In Paraguay, these opportunities are much needed. No country has higher land inequality, with over 70 percent of all productive land in use by just one percent of farms. The poorest members of the population rarely have access to health insurance, and 23 percent of the population remains at risk of “catastrophic out-of-pocket expenditure”, according to the World Bank’s 2018 Systematic Country Diagnosis report on Paraguay.
When the floodwaters arrive, the inequality that normally remains hidden from government officials and corporate high-flyers working in shiny new office blocks is thrown into the light. Residents of slums like Ricardo Brugada, more commonly known as La Chacarita, are forced to make temporary accommodation elsewhere on higher ground. Local councillors insist that more permanent accommodation is available for the displaced some 20km to the east of the city centre, but given the poor transportation options available, many are unwilling to move from their riverside homes.
Better infrastructure around the country would also help lessen the pressure on Asunción and the Paraguay River. Around 45 percent of the population lives in rural areas, where poverty remains high. Currently, they have few ways to improve their lot other than by moving to the capital and joining the thousands already making the long trip to their jobs in the city centre every day.
The bigger picture
Countless reports have urged local and national politicians to improve Asunción’s infrastructure. Global Infrastructure Hub estimates that the country has a $12bn investment deficit regarding energy infrastructure, a $1.4bn gap in terms of rail transportation and a $1bn shortfall concerning telecommunications. The challenge lies not so much in identifying where more money needs to be spent, but in getting the money in the first place.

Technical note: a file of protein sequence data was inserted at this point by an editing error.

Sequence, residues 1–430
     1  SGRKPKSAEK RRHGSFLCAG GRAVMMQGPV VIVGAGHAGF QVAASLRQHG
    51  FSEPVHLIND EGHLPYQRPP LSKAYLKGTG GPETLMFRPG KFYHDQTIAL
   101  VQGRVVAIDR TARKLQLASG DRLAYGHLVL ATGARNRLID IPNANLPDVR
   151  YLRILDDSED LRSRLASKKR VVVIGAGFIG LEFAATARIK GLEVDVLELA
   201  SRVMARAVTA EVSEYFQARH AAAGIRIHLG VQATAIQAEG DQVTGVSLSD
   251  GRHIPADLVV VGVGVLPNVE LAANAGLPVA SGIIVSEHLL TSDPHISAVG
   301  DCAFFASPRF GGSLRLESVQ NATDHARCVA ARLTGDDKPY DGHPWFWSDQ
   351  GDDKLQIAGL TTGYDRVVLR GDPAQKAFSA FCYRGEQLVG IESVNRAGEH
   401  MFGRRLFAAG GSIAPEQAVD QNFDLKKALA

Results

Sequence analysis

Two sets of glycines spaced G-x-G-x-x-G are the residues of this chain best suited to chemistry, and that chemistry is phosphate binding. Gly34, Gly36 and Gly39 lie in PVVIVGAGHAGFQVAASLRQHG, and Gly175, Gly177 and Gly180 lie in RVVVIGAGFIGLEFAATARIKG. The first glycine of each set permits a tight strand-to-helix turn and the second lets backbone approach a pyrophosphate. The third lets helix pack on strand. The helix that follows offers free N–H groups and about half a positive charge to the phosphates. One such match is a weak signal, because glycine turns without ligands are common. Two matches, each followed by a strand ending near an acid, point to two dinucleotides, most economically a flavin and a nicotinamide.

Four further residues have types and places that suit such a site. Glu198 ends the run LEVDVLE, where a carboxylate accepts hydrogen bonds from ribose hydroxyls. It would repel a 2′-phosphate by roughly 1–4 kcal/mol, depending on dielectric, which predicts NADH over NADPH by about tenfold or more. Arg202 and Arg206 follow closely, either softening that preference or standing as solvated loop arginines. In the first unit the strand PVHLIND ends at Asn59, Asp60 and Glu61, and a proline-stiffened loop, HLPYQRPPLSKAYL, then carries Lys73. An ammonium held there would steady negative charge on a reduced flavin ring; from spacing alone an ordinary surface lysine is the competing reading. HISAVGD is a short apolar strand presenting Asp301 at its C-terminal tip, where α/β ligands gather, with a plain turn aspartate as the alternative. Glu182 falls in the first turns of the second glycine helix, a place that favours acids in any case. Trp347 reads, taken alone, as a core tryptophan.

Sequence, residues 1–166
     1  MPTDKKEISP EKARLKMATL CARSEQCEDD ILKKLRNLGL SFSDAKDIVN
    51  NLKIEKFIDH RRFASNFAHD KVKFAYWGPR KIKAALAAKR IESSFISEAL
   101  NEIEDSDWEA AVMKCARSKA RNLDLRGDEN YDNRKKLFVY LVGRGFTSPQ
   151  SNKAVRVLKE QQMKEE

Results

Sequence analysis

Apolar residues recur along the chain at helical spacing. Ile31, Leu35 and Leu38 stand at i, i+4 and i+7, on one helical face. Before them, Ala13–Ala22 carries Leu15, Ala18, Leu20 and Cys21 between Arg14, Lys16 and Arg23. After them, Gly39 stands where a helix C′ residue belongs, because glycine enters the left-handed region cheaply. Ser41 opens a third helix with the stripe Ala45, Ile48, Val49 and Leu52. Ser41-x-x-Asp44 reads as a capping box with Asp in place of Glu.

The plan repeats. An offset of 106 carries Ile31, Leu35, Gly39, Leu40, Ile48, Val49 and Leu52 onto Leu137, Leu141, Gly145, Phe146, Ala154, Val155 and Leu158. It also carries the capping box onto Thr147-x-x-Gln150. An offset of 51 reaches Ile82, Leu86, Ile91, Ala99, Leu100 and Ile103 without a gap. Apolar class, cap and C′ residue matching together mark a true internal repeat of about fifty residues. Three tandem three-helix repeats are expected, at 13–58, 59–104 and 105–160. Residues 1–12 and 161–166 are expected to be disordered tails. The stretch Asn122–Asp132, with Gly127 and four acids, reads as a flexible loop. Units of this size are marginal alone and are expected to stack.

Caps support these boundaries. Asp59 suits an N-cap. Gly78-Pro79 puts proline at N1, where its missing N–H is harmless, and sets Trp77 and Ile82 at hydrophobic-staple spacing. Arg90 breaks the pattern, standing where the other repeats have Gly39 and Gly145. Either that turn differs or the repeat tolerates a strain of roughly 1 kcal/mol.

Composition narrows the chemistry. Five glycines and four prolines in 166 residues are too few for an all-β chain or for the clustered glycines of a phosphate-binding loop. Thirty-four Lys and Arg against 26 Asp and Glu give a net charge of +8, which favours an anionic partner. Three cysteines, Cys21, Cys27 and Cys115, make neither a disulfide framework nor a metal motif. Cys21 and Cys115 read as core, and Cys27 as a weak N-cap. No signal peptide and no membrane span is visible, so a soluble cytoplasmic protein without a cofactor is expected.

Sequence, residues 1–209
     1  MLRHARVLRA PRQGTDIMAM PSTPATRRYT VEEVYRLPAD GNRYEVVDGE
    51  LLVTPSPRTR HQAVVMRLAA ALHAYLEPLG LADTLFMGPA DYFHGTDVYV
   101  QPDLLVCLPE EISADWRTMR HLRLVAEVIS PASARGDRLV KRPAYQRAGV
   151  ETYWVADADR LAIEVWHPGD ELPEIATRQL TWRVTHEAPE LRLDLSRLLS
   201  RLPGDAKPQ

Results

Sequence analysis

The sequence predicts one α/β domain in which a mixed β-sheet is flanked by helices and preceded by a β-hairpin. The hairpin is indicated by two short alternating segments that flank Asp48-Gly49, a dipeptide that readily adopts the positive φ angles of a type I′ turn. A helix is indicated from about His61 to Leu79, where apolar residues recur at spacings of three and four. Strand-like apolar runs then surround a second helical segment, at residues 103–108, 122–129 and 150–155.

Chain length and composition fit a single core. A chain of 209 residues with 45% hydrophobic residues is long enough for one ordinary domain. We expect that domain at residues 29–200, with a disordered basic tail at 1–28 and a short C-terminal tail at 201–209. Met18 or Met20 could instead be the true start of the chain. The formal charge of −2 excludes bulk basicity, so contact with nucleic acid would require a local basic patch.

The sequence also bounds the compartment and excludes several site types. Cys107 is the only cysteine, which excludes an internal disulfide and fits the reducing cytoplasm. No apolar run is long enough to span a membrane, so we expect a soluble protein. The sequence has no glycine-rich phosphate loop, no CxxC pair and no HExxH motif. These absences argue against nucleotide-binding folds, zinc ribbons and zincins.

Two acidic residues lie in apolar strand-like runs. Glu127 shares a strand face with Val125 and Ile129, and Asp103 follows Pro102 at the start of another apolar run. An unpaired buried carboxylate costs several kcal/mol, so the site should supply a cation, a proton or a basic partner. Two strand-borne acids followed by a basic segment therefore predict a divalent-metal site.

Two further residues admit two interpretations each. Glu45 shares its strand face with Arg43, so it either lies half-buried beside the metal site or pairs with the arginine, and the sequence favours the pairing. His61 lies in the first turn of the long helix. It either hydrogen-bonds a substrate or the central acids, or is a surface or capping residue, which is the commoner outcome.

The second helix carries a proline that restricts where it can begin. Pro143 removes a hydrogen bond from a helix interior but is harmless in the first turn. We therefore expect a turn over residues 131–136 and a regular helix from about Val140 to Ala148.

The country’s tax takings are low, which means social spending is too. Until 2013, in fact, there was no income tax at all. The current tax system is extremely regressive, with nearly 60 percent of all tax revenue stemming from indirect sources like VAT and excise tax. Overall, the OECD calculated the ratio of tax revenue to GDP to be just 13.8 percent in 2017, lower than all other South American countries.
Trust among Paraguayans in their local or national politicians is also low. There is a widespread perception that the lower a person’s income, the less their voice is heard. Research undertaken by Latinobarómetro found that 87 percent of respondents in the country believe politicians govern for the benefit of the powerful, one of the highest results in Latin America (see Fig 1).
Even if that is the case, it is never easy to convince a country that has enjoyed low taxes for so long that rates need to be increased; new president Mario Abdo Benítez is trying nonetheless. A bill that would reform the country’s tax system and result in a 10 percent increase in revenue collection – worth $300m a year – is now being discussed.
Local politics is also trying to improve the situation for Asunción residents. The city’s mayor, Mario Ferreiro, wants to improve riverbank defences and construct more flood-proof homes, but his plans have been held up by the municipal board. Although Ferreiro’s proposals would eat into already stretched budgets, allowing the current situation to continue makes little sense. Estimates indicate that the annual cost of rehousing the thousands in the city that are displaced by flooding stands at $20m.
For too long, improving the city’s neglected infrastructure simply didn’t feature very high on the government’s list of priorities. That may finally be about to change: there are plans to invest over $2bn in Paraguay’s north-western Chaco region in an effort to transform the semi-arid area into a hub for agricultural trade. While those living in slums along the Paraguay River may resent such expenditure, they too could stand to benefit if it provides much-needed job opportunities outside the capital.
Other infrastructural projects that will benefit the city directly, including the Asunción-Chaco Bridge, appear to be closer to fruition. They are part of a $2bn portfolio of developments that is set to benefit the capital and its surrounding area. If these projects are completed, they will provide much-needed relief to the citizens who have been denied their share of the spoils from Paraguay’s decade of economic growth. In the years to come, perhaps Asunción’s poorest may be able to finally enjoy the city’s prosperity. It’s just a shame it’s taken so long.